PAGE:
Ralph Nader has racked up a long list of achievements as a consumer activist for the past 40-plus years: thanks to his dogged advocacy for citizens against both politicians and corporations, Americans now drive safer cars, eat healthier foods, drink cleaner water, work in safer workplaces and breathe less-polluted air. Already a published author, who's written or co-written more than a dozen nonfiction books, including the 1965 classic that made him a household name, Unsafe at Any Speed, Nader, at age 75, has just added one more literary accomplishment to his list: novelist.

Nader's debut novel, Only the Super-Rich Can Save Us! was crashed by Seven Stories Press with a September 22 laydown. Despite no pre-pub buzz or early reviews in the trade publications, Only the Super-Rich Can Save Us! already has sold 35,000 copies of its 40,000-copy first print run in hardcover, with no signs of sales slowing down. While Only the Super-Rich Can Save Us! has sold steadily into the chains, according to Seven Stories' distributor, Consortium, it has sold “really well” into the independents and into airport stores as well, where it's one of the top 10 bestselling books on a per-store basis.

“We sold it on the blurbs,” Jim Nichols, Consortium sales director, explained, citing promotional endorsements of the book from a diversity of well-known public figures, including business management guru Tom Peters (In Search of Excellence), actor Warren Beatty, Prince-ton University professor Cornel West, rock-and-roller Patti Smith and former Harper's editor Lewis Lapham.

Only the Super-Rich Can Save Us! is, in Nader's words, “practical utopian fiction in the tradition of Edward Bellamy's Looking Backward and Upton Sinclair's The Jungle.” Nader weaves a tale of 17 real-life billionaires and other influential social elites, including Yoko Ono, Bill Cosby and Bill Gates Sr., who, led by one of the world's two wealthiest men, Warren Buffett, respond to the ineptitude of the federal response to Hurricane Katrina in 2005 by leading the charge to wrest the government of the United States away from out-of-touch politicians and greedy corporate interests and return power to the people.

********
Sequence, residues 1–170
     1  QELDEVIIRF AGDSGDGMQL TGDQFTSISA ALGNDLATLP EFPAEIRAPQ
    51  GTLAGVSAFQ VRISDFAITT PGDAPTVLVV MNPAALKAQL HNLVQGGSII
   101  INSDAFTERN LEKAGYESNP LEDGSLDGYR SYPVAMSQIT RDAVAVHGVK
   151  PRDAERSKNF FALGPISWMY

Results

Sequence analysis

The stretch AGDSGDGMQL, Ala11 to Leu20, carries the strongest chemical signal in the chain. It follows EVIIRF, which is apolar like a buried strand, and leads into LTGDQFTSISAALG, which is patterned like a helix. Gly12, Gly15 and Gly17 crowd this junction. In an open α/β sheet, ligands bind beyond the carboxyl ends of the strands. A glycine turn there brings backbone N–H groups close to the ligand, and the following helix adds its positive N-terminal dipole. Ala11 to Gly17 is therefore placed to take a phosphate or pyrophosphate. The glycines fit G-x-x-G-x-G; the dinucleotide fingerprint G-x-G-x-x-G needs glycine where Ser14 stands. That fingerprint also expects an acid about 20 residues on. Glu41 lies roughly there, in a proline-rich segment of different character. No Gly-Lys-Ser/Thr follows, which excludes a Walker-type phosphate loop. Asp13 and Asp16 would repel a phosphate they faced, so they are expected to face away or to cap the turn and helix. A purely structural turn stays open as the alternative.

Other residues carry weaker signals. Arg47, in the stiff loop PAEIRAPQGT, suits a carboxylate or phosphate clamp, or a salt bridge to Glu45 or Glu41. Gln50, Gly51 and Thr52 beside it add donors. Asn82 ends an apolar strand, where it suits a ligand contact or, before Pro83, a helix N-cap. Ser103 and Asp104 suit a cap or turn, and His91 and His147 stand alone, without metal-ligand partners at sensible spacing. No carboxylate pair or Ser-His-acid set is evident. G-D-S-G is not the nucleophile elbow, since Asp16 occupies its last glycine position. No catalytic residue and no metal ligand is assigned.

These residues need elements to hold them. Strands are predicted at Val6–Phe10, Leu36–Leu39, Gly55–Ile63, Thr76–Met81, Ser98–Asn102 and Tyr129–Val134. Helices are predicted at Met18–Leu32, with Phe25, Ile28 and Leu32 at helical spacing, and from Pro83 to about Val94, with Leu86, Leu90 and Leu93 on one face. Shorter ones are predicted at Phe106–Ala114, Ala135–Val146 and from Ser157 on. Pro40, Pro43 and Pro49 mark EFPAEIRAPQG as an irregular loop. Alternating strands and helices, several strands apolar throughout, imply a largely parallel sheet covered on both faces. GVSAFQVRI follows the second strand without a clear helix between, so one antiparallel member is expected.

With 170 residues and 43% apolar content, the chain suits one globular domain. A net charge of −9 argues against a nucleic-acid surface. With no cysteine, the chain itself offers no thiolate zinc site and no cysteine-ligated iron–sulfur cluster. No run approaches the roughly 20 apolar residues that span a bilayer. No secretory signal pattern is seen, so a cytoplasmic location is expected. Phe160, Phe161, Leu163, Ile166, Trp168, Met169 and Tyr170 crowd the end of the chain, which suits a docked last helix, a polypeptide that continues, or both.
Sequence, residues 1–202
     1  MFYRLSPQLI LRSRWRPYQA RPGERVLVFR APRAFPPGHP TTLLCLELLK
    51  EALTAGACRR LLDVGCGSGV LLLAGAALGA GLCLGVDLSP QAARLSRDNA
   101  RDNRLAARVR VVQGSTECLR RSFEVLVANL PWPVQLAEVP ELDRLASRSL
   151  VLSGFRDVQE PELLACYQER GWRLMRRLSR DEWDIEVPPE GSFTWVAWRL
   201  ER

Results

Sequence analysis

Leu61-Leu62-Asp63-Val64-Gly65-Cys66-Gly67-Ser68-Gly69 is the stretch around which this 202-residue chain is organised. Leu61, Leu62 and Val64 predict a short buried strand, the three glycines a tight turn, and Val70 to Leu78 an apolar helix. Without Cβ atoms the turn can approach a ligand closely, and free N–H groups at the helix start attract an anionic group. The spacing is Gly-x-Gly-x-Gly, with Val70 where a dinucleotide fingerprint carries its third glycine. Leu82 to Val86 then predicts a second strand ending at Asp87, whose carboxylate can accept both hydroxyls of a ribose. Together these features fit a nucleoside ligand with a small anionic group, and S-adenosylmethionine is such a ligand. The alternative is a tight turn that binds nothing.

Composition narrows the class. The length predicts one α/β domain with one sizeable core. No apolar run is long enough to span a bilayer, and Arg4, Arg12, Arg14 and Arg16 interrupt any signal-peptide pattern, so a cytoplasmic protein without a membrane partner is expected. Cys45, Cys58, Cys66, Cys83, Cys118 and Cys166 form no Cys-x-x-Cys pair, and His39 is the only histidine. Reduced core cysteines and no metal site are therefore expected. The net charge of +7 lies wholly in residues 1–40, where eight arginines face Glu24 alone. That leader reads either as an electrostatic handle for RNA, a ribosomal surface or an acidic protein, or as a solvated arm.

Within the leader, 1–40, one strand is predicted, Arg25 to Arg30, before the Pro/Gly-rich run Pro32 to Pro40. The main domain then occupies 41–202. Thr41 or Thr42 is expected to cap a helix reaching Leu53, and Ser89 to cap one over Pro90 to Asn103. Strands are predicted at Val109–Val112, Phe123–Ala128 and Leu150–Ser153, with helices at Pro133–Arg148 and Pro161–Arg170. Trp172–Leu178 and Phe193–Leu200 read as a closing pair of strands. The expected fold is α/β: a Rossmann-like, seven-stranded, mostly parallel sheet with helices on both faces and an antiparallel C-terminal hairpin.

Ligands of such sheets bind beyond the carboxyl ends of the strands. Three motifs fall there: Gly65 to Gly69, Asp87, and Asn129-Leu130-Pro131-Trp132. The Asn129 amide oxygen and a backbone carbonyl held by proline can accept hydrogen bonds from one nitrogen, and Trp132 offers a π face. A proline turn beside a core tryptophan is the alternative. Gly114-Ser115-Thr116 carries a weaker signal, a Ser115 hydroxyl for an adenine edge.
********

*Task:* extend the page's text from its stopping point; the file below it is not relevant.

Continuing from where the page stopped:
“This could become the most important work of practical utopian fiction in our history,” Nader insisted. “No one else has done it this way. I use real people who were picked very carefully, and I show how [a progressive, top-down, social movement] develops and emerges. There's enough in it to be a civics course on power.”

Only the Super-Rich Can Save Us! has received much attention in the consumer media this past month, to be expected by a celebrity writing a topical novel about other celebrities. An AP report was followed by articles in the Washington Post, Variety, San Francisco Chronicle and the Nation. Radio and TV interviews include NPR's Weekend Edition, The Tavis Smiley Show, ABC radio, Fox Business News, Democracy Now! and Minnesota Public Radio's All Things Considered.

But Seven Stories publisher Dan Simon attributes much of the unexpected success of Only the Super-Rich Can Save Us! to Nader himself “generating momentum the old-fashioned way, with a lot of shoe leather and travel miles.” This fall, Nader has discussed his book and signed copies at 34 different venues in 14 cities across the country to date, including bookstores, libraries and book festivals, with attendance at each event ranging between 100 and 300, with an average of 65 books sold at each site. Half of all his public appearances are held at independent bookstores (either in-store or off-site), and he's even had scheduled signings at four Hudson Group airport bookstores (at Baltimore-Washington International, O'Hare, Denver, and Omaha, Neb.).

Leonard Riggio—himself a character in the novel—introduced Nader at the Only the Super-Rich Can Save Us! book launch at the Barnes & Noble bookstore on Union Square in New York City on September 23. Riggio insisted to the 600 people attending that he was “not at all like the person that bears my name in Ralph's far-fetched story.” But he added, “The fact that he respects my interest in social justice is reason enough to thank him.”

Expressing his hope that people with very deep pockets who read Only the Super-Rich Can Save Us! will then be inspired to put forward the money to make his vision a reality, Nader declared, “People are looking for something like this. People are discouraged about the state of this country. Even the super-rich are discouraged.”